Home | Industry & Reform | Coalition drops controversial MBS changes

Coalition drops controversial MBS changes

Nurses and doctors have welcomed a government pledge for greater consultation with the health professions following the Coalition’s backdown on its controversial plans to slash rebates for shorter GP consultations.

From next week, a scheduled change to standard, time-based GP Medicare Benefits Schedule items would have meant the $37.05 rebate for a level B consultation would be paid only for consultations lasting at least 10 minutes. The current descriptor states that the consultation must be less than 20 minutes long but includes no minimum time constraint.

With the Senate poised to dismantle the change next month, however, and in the face of ongoing opposition from health groups such as the AMA and ANMF, the health minister, Sussan Ley, announced this afternoon the government would drop the plan.

Whilst Ley said the government remained committed to reducing so-called six-minute medicine – which she said existing rebate structures encouraged – she also said she had “become aware of significant concerns and unintended consequences of changes to Medicare rebates scheduled to begin on Monday, January 19th”.

She also confirmed the government would continue to pursue a means of creating a “price signal” to Australians regarding the cost of GP care.

“The changes to level A and B Medicare consultation items will not commence on Monday as planned. The government is taking them off the table,” she told media. “I am announcing today my strong commitment to undertake wide-ranging consultation on the ground with doctors and the community across the country in order to come up with sensible options in order to deliver appropriate Medicare reform.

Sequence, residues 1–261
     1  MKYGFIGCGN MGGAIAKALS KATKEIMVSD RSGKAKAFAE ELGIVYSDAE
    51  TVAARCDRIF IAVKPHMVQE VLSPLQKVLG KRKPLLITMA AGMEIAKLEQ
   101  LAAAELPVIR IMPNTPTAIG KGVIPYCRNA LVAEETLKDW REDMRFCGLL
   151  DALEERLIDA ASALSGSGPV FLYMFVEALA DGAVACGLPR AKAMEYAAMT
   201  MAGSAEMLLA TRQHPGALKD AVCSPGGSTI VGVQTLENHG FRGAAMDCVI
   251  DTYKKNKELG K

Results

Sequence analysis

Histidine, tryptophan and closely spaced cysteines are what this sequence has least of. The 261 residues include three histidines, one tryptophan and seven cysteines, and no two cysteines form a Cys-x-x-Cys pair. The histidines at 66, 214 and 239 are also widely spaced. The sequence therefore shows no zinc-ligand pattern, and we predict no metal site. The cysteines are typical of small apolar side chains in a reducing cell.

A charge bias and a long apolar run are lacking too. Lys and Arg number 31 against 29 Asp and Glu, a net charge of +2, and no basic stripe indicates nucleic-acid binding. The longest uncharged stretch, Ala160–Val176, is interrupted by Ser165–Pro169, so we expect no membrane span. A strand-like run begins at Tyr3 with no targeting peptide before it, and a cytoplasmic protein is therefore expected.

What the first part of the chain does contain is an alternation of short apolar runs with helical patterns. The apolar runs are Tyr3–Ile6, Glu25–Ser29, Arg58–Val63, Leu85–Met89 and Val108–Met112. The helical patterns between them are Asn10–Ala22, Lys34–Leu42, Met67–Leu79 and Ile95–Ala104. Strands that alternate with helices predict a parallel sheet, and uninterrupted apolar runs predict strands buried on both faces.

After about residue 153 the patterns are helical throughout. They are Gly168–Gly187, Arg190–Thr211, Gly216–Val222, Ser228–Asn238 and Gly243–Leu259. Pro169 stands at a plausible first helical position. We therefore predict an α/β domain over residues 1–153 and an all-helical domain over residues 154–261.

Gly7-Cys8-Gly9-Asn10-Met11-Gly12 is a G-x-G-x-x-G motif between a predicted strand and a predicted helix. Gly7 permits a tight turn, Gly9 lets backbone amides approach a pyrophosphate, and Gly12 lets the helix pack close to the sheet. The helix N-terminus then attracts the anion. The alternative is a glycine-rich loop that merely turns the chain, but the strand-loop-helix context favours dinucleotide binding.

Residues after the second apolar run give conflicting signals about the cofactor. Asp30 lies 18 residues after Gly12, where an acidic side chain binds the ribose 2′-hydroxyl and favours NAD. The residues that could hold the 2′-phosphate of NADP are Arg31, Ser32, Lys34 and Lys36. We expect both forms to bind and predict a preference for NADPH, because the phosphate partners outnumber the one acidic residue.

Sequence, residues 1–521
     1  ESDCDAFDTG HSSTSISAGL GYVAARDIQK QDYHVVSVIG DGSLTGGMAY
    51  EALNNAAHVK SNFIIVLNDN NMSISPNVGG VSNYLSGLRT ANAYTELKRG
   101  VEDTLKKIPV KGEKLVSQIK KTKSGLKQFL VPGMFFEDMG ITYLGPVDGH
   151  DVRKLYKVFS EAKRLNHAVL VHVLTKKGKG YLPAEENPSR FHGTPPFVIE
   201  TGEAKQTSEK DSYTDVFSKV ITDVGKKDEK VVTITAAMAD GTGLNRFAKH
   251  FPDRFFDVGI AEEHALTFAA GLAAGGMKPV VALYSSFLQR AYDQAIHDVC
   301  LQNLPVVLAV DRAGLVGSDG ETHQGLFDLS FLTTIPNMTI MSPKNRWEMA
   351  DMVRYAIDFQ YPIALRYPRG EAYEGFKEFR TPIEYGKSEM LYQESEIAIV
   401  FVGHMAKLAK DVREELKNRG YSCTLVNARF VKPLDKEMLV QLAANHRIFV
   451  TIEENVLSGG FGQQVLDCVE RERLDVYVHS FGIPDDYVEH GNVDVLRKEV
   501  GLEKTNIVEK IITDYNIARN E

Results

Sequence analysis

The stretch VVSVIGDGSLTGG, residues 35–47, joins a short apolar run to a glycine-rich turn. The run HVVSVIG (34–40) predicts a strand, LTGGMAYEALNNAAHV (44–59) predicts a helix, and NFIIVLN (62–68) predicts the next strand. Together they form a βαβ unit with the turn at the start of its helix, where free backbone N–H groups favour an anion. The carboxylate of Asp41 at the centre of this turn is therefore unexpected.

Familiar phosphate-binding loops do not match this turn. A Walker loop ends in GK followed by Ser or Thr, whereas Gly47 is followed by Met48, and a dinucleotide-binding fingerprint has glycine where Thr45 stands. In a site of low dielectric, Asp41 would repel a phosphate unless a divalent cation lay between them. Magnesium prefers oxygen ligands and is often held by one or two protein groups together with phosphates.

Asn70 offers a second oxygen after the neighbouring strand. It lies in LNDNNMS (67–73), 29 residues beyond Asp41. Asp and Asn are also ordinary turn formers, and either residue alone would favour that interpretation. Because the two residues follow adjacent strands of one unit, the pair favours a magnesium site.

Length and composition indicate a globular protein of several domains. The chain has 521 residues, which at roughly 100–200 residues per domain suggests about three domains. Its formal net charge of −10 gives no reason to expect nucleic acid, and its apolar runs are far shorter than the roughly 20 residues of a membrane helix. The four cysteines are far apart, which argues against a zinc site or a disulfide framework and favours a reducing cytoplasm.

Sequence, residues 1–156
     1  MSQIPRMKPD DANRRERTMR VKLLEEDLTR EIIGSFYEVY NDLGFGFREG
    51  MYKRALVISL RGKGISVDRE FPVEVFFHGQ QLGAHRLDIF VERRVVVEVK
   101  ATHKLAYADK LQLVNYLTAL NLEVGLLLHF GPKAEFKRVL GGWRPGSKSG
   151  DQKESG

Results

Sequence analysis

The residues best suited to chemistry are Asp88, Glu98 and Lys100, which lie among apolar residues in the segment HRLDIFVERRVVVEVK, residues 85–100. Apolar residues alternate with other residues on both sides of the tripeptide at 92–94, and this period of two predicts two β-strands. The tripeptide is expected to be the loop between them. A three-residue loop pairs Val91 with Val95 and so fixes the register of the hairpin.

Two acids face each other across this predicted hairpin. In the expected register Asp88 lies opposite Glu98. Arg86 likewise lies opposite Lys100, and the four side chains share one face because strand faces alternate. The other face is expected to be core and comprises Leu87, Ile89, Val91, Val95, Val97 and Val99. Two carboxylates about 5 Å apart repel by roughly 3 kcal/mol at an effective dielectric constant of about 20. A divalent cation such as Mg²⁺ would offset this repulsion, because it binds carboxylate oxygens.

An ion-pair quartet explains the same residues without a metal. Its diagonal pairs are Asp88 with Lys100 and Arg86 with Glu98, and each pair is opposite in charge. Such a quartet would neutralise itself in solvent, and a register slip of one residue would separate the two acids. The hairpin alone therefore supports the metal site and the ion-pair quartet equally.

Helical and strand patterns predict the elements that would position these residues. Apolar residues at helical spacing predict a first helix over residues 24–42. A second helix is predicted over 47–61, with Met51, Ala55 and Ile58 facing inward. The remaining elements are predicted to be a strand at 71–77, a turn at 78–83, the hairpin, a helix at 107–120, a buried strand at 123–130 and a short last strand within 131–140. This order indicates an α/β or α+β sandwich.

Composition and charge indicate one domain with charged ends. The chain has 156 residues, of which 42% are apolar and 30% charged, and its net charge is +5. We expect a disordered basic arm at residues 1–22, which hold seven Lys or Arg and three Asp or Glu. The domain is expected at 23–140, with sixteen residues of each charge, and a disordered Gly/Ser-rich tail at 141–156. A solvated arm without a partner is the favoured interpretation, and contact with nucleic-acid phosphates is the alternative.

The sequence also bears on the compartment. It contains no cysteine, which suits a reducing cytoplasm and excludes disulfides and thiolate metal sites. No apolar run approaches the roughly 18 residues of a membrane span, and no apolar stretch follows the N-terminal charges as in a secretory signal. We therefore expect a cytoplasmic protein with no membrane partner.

“I want to make it clear that in my consultations I will be guided by these four principles: protecting Medicare for the long term; ensuring bulk billing remains for vulnerable and concessional patients; maintaining our high-quality care and treatment for all Australians; and a price signal of a modest co-payment into the health system for those who have the capacity to pay.”

ANMF acting federal secretary Annie Butler welcomed the announcement and said that whilst MBS reform was important for the future sustainability of the health system, the government’s policy and its approach had been poor.

“They did not ask anybody about doing this … So the [changes to level B rebates] that were slipped in as an idea just before Christmas were not discussed with any health groups – not even the AMA,” she said. “And now the government has bowed to the pressure and stopped it but they still remain committed to what was always a part of their plan from last year's budget – the $5 cut to the rebate in all the MBS items and, as well, the existing freeze on MBS indexation.

“We remain deeply opposed to the cuts in the rebate as well as any mandatory co-payment of any type.”

AMA Council of General Practice chair Dr Brian Morton said that whilst he had been left feeling pessimistic and cynical following what he said was a government track record of failing to consult expert stakeholders adequately, he hoped the new health minister would take a new approach.

“We have a government that hopefully does not want to be a one-term government – so it is imperative that they consult and talk about real reform,” he said.

Morton said the AMA would continue to fight against the $5 cut set to affect Medicare rebates from July this year, whilst also calling on Ley to remove the freeze on MBS indexation.

Listen below for the Australian Primary Health Care Nurses Association's response to the government's announcement:

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